“When he plays something,” Davis said of Michelangeli’s interpretation,” it sounds like he’ll never play it again.” The words “never play it again” have a poignant resonance, for this work was first performed in 1932, the year Ravel suffered the blow that extinguished his career. The endgame quality is best heard in the original recording by Ravel’s friend, Marguerite Long, the French pianist to whom the work was dedicated. In the world of beauty created by the Adagio assai, the pianist seems to be tracing a pilgrim’s progress through dark woods shadowed by a vague furtive menace, the right hand’s walk through the shadows at times nearly thwarted, halting, almost wavering, before thoughtfully, steadfastly moving on, then simply ascending, beautifully buoyed by strings and woodwinds, to a blissful extinction, with the orchestra, reportedly conducted by Ravel himself, swooning into silence at the gates of the heavenly city.

Linking Melodies

It’s said that Ravel composed the Bolero by picking out the melody on the piano with one finger and commenting approvingly on its “insistent quality,” which he decided to try repeating a number of times “without any development, gradually increasing the orchestra as best I can.”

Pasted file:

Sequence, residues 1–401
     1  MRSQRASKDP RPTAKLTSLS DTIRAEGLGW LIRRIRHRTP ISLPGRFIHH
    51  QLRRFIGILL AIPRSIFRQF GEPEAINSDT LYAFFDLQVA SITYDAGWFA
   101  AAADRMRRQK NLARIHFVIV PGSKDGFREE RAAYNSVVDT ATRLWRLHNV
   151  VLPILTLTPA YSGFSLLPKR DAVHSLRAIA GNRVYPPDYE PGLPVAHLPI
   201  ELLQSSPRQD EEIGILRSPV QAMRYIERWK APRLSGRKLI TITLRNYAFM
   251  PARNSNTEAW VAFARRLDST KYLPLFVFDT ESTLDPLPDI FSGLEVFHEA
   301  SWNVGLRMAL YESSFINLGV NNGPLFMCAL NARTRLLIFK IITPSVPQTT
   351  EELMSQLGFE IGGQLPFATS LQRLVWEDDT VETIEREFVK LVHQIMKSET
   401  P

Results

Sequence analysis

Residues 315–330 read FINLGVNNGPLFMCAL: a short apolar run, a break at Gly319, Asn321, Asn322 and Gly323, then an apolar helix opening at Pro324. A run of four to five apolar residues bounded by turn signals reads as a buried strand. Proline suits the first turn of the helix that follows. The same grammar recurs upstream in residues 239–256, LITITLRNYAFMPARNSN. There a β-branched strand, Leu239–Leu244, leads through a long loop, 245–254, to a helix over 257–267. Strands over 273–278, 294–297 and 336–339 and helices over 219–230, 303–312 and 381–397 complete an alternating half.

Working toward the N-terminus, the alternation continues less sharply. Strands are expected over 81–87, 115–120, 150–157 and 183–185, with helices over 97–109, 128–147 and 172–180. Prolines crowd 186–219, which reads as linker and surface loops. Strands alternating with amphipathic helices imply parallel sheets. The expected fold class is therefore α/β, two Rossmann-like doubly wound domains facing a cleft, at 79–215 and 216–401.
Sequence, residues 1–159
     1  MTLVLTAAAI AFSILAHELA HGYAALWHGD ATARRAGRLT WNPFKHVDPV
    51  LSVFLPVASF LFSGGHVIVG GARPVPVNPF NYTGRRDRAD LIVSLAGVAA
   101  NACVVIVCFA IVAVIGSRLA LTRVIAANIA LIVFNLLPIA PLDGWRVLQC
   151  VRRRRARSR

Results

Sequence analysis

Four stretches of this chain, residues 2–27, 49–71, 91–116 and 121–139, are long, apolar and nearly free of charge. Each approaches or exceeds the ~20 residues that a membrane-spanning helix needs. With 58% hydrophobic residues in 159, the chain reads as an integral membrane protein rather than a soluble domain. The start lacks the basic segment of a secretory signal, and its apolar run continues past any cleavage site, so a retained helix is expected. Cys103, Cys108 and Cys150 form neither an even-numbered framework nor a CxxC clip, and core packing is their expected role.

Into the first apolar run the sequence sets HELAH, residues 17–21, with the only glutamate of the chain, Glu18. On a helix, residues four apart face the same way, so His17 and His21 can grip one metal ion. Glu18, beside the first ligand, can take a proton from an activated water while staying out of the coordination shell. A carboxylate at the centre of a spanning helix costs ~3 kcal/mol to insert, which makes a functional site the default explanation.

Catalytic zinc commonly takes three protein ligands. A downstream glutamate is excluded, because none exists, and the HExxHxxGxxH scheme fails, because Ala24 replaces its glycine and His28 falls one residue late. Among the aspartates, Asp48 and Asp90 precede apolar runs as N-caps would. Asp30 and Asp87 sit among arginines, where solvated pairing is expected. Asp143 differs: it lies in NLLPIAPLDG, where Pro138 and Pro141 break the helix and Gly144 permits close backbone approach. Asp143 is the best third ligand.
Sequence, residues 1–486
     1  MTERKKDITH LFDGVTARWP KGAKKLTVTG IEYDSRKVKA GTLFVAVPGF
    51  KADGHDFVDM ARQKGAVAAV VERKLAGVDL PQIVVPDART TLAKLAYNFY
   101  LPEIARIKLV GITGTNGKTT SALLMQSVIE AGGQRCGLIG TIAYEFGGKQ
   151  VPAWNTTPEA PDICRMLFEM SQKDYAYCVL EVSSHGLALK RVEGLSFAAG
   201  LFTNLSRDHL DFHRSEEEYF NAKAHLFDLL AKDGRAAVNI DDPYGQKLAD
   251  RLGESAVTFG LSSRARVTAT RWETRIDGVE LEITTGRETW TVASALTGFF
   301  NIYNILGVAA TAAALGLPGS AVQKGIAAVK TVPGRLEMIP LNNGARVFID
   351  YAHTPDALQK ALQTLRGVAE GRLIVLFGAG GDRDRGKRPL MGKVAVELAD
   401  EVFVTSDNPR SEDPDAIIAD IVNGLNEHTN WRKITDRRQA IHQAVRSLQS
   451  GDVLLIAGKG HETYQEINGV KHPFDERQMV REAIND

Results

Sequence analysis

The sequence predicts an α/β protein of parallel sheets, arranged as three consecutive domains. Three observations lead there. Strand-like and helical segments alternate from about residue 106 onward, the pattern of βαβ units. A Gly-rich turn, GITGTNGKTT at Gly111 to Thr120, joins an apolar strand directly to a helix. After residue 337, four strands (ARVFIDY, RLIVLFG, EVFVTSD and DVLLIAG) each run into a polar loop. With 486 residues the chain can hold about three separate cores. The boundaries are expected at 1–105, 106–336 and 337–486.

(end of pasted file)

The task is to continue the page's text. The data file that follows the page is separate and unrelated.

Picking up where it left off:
The seemingly random simplicity of that moment at the keyboard, the composer, in effect, taking baby steps on the way to a work of epic grandeur, suggests an analogy for the series of conundrums and coincidences that led to the writing of this anything but epic column. The wonder of music is that it can catch and disarm you in the most unlikely places, for instance when you’re being ministered to by a dentist who suddenly expresses his fondness for an album that contains a Billy Strayhorn composition you feel especially close to but whose title you can’t remember. So while the dentist is busy threading your gums with stitches, you’re racking your brain for the name of one of the moodiest and most classically nuanced numbers Strayhorn ever wrote. At this point, somewhere in the internet of your mind, a link is forming, with Strayhorn the primary subject, the bait that helps you reel in Ravel, whose mere name brings you closer to the music itself; you can almost hear Ben Webster’s tenor brewing and serving it up with a melodic sibling from Ravel that means more to you than it should because it briefly illuminates a distant scene involving a grand piano, and presto, that ghostly fragment of Ravel conjures up “Chelsea Bridge,” the title you’ve been trawling the web for. Returning home, you go straight to the most credible authority, Gary Giddins’s Visions of Jazz, and find that when composing “Chelsea Bridge,” Strayhorn “turned for instruction” to “Maurice Ravel.” Case closed? Not a chance. What about that “ghostly fragment of Ravel?”